Introduction Interpretation of perimetric findings, particularly in children, relies on accurate assessment of test reliability, yet no objective measures of reliability exist for kinetic perimetry. We developed the kinetic perimetry reliability measure (KPRM), a quantitative measure of perimetric test reproducibility/reliability and report here its feasibility and association with subjective assessment of reliability.
Methods Children aged 5–15 years, without an ophthalmic condition that affects the visual field, were recruited from Moorfields Eye Hospital and underwent Goldmann perimetry as part of a wider research programme on perimetry in children. Subjects were tested with two isopters and the blind spot was plotted, followed by a KPRM. Test reliability was also scored qualitatively using our examiner-based assessment of reliability (EBAR) scoring system, which standardises the conventional clinical approach to assessing test quality. The relationship between KPRM and EBAR was examined to explore the use of KPRM in assessing reliability of kinetic fields.
Results A total of 103 children (median age 8.9 years; IQR: 7.1 to 11.8 years) underwent Goldmann perimetry with KPRM and EBAR scoring. A KPRM was achieved by all children. KPRM values increased with reducing test quality (Kruskal-Wallis, p=0.005), indicating greater test-retest variability, and reduced with age (linear regression, p=0.015). One of 103 children (0.97%) demonstrated discordance between EBAR and KPRM.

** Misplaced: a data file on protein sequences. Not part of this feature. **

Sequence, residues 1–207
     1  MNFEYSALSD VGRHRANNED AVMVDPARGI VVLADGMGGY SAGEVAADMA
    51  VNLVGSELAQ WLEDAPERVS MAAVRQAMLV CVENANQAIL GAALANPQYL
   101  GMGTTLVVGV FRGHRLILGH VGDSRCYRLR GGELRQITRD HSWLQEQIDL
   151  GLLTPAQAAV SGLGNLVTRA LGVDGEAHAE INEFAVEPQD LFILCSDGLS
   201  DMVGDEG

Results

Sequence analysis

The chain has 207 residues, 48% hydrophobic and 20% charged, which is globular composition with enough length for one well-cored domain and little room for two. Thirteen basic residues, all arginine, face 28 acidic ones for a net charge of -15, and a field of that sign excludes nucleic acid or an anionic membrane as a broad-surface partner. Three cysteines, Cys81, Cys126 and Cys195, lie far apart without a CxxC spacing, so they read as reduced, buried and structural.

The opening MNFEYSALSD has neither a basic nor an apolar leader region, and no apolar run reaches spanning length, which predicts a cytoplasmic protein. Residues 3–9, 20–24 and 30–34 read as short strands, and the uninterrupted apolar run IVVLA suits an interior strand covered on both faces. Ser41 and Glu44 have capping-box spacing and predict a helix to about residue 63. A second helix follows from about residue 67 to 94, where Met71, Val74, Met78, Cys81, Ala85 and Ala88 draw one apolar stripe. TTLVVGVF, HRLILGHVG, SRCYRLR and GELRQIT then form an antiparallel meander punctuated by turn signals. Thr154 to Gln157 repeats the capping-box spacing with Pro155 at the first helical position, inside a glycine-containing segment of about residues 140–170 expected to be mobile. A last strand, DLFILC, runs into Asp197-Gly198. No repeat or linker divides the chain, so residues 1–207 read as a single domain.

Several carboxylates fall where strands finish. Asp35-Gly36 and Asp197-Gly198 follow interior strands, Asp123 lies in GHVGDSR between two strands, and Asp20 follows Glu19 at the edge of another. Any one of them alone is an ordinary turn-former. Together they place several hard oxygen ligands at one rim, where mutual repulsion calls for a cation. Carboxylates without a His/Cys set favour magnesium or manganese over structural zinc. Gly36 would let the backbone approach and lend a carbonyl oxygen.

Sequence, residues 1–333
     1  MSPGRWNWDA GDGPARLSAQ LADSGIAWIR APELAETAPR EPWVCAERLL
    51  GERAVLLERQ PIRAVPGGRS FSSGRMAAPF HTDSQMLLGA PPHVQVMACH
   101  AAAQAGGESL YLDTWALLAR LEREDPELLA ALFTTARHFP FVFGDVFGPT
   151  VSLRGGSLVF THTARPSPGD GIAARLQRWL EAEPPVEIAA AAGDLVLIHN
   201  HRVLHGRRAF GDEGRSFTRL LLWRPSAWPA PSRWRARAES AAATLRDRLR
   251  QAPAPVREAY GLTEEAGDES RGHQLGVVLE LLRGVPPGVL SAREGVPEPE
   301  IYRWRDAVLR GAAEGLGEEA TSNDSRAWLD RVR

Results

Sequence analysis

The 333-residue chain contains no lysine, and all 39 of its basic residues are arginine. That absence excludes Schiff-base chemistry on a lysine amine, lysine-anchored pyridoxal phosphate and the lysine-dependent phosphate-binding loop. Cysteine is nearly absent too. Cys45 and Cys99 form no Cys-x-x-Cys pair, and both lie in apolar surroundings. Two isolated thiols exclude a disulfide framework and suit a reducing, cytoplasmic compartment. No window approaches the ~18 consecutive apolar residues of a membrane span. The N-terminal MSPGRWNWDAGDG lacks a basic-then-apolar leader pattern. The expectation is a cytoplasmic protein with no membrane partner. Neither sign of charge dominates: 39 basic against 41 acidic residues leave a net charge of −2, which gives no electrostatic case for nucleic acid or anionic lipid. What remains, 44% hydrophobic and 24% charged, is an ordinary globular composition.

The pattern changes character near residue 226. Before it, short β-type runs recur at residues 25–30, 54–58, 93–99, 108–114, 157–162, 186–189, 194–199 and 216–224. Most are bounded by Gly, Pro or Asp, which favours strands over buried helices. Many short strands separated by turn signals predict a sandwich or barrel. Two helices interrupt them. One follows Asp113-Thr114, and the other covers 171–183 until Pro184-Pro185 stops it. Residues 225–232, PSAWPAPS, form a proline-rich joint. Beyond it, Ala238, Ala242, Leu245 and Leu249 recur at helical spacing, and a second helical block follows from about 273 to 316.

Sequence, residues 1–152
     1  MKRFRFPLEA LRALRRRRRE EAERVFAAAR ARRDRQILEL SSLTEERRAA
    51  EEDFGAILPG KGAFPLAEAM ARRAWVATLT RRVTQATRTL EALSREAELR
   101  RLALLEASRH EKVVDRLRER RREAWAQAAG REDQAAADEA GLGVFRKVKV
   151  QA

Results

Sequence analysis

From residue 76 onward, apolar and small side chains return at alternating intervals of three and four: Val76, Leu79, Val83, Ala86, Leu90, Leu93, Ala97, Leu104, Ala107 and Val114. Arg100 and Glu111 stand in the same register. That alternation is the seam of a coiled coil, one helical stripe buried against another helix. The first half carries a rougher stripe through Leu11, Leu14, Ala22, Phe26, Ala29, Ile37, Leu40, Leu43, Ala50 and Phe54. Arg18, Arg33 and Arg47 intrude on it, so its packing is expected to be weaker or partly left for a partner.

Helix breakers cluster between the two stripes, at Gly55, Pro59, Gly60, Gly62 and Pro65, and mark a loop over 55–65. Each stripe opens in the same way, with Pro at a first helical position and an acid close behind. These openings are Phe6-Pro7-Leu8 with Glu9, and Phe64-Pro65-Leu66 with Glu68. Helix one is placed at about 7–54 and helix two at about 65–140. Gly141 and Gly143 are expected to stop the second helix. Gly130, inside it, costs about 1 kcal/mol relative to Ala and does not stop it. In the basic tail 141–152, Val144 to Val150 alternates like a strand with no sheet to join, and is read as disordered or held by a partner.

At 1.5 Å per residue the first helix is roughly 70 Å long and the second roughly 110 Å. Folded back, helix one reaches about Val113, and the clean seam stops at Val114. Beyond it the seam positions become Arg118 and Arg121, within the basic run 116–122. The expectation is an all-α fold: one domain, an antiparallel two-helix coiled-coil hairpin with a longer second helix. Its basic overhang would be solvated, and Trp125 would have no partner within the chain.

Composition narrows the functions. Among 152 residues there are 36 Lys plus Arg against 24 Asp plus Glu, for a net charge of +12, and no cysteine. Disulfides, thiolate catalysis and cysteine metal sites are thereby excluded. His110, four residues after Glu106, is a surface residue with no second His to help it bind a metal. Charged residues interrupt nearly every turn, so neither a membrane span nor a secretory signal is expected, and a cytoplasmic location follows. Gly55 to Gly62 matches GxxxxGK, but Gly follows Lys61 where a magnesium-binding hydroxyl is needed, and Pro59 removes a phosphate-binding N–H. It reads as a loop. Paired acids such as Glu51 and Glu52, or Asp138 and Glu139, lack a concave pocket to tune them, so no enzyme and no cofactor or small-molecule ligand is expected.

Conclusion KPRM and EBAR are distinct but complementary approaches. Though scores show excellent agreement, KPRM is able to quantify within-test variability, providing data not captured by subjective assessment. Thus, we suggest combining KPRM with EBAR to aid interpretation of kinetic perimetry test reliability in children.
- Field of vision
- Diagnostic tests/Investigation
- Child health (paediatrics)
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Collaborators OPTIC Study Group members: Peng Tee Khaw, Bronwen Walters, Phillippa Cumberland, Isabelle Russell-Eggitt, Chris Timms, John Brookes, Anthony Moore, Maria Papadopoulos, David Garway-Heath, Ananth Viswanathan, Alki Liasis, David Crabb, Mario Cortina-Borja, Dipesh Patel, and Jugnoo Rahi.
Contributors Conception and design: DEP, ACV, DFG-H, PMC, BCW, IRE, JSR. Data collection: DEP. Analysis: DEP, PMC, MCB. Manuscript preparation, revision and final approval: DEP, ACV, DFG-H, PMC, BCW, IRE, MCB, JSR.
Funding This study was funded by the Guide Dogs for the Blind Association (GBDA) (grant no. OR2009-04e). The research was supported by the National Institute for Health Research (NIHR) Biomedical Research Centre based at Moorfields Eye Hospital NHS Foundation Trust/UCL Institute of Ophthalmology and UCL Institute of Child Health/Great Ormond Street Hospital NHS Foundation Trust.
Disclaimer The views expressed are those of the authors and not necessarily those of the NHS, the NIHR or the Department of Health.
Competing interests None.
Ethics approval London—Bloomsbury.
Provenance and peer review Not commissioned; externally peer reviewed.
Data sharing statement Due to ethical restrictions on data sharing related to participant consent, aggregated data are available on request to Professor Jugnoo Rahi (email@example.com).
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